• Create an environment where all views are valid and valued. If you are working with a group of participants where power differentials (real or imagined) may get in the way of open participation by all, plan accordingly. For example, encourage the group to adopt a ground rule that acknowledges that all opinions and perspectives are just as valuable as others, regardless of title, seniority, location or organizational affiliation. You might try setting up anonymous contributions, if possible. If using chat, ask people to type in comments and to hold off hitting Enter until you give the signal, to minimize opportunities for undue influence by some. If you suspect that some people may feel uncomfortable speaking openly, you might try setting up an asynchronous conference area where people can weigh in anonymously prior to the meeting so you can summarize all viewpoints without having to identify individuals. Be prepared to remind people about the need to respect all voices, if certain people try to hold sway over others.

Whether people are convening in person or virtually (or a combination), in real-time or asynchronously, team leaders and meeting conveners need to find demonstrable ways to act on our intentions to be more inclusive, starting with the people we invite to the table.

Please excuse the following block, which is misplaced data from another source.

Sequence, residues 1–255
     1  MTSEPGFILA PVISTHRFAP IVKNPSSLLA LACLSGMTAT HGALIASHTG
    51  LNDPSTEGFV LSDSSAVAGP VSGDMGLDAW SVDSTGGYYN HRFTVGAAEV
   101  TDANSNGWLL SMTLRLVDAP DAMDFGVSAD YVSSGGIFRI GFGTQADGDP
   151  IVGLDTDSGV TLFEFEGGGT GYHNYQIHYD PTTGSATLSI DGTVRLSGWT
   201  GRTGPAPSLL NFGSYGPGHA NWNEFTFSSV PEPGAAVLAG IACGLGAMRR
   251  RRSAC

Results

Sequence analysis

Links

Past Communiques from Guided Insights

How Inclusion and Integrity Foster More Productive Conversations, Reduce Bias in a Virtual World (guidedinsights.com)

The Dangers of Empathy Unexamined (guidedinsights.com)

Unconscious Bias: Just Because You Can’t See It, Others (Almost Certainly) Can (guidedinsights.com)

How to Make Introverts and Extroverts Happy, and How to Drive Them Crazy (guidedinsights.com)

Head Off Problems Up Front, Before Cultural Differences Can Get in the Way (guidedinsights.com)

Other articles of interest:

Why Inclusive Leaders Are Good for Organizations, and How to Become One (hbr.org)

To Retain Employees, Focus on Inclusion — Not Just Diversity (hbr.org)

The Day-to-Day Work of Diversity and Inclusion (hbr.org)

Erin Meyer’s book, The Culture Map